Learn more, here's the Link...
Are These Things Happening In Your Store?... See A difference In Sales Within 7 Days & Nip These 10 Costly Mistakes In The Bud!
- Failing To Build Rapport With Customers. From a simple greeting to a little chat about niceties; non-sales-directed small-talk goes along way for developing an easier and more open mood within-your Customers.
- Failing To Find-Out The Requirements Of Your Customers.
- Focusing On Their Own Agenda Instead Of The Customers.
- Not Giving Customers Majority Of The Air Time.
- Confusing "Telling" with "Selling". Not listening nor hearing what Customer's are saying.
- Not Knowing The Prevailing Promotions, Specials Nor Regular Prices Of Products.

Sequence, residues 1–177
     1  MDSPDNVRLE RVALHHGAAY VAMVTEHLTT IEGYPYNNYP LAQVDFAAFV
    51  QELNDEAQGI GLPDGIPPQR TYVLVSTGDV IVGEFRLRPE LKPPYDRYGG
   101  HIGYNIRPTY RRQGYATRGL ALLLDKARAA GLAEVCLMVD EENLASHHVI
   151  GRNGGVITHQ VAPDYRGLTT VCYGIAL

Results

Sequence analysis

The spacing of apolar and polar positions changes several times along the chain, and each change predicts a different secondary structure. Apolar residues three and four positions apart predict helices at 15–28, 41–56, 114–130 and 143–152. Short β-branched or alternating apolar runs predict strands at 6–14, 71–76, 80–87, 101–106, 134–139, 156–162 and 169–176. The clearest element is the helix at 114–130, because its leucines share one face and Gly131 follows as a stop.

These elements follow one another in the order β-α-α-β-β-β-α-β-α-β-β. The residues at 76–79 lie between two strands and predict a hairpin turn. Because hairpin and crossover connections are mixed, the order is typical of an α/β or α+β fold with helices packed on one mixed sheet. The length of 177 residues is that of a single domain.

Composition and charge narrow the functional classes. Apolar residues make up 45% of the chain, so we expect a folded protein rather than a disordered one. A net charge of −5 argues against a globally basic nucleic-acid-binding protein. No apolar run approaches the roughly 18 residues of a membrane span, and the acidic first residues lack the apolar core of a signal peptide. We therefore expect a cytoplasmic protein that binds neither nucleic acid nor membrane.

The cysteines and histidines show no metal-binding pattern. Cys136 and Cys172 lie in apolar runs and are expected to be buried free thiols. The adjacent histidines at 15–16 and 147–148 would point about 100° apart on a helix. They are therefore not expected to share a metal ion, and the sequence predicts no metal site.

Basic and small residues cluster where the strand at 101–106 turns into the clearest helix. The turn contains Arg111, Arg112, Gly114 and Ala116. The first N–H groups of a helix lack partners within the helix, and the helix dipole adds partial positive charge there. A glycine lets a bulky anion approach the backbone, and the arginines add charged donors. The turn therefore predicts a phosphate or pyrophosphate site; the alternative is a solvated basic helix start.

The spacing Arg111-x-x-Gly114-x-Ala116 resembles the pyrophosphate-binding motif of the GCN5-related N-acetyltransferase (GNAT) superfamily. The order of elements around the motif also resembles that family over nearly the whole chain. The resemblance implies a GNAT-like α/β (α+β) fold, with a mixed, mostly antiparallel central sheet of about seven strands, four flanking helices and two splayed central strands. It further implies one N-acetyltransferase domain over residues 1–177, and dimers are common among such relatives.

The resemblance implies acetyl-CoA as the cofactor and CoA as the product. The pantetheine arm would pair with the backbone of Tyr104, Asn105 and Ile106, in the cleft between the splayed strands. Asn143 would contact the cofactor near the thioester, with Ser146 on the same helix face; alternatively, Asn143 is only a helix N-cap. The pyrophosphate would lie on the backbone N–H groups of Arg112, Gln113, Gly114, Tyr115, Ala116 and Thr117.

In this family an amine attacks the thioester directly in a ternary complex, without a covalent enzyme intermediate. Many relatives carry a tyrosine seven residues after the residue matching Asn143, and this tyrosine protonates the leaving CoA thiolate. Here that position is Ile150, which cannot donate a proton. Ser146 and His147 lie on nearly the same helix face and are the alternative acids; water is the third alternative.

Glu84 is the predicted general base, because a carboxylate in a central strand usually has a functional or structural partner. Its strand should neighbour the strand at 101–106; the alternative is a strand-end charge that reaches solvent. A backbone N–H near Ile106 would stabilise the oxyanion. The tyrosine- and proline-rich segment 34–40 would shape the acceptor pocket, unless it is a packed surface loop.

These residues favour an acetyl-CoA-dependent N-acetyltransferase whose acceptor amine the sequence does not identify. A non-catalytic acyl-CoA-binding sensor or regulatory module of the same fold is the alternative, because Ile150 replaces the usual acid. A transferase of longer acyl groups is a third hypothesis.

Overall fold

- Not Differentiating Product/ Service/ Store/ Company Enough To Create Additional Value In The Minds Of The Customer.
- Selling Too Fast. Closing before the customer is ready to buy!
- Fail To Address Objections Properly. Not realizing satisfactory resolutions of objectives are the Shortest Distance to Purchase.
- Not Taking Advantage Of Add-On-Sales. [fusion_builder_container hundred_percent="yes" overflow="visible"][fusion_builder_row][fusion_builder_column type="1_1" background_position="left top" background_color="" border_size="" border_color="" border_style="solid" spacing="yes" background_image="" background_repeat="no-repeat" padding="" margin_top="0px" margin_bottom="0px" class="" id="" animation_type="" animation_speed="0.3" animation_direction="left" hide_on_mobile="no" center_content="no" min_height="none"][As soon as the main purchase is done...] Introduce an additional product/service -when Customers are the most ready to entertain more items.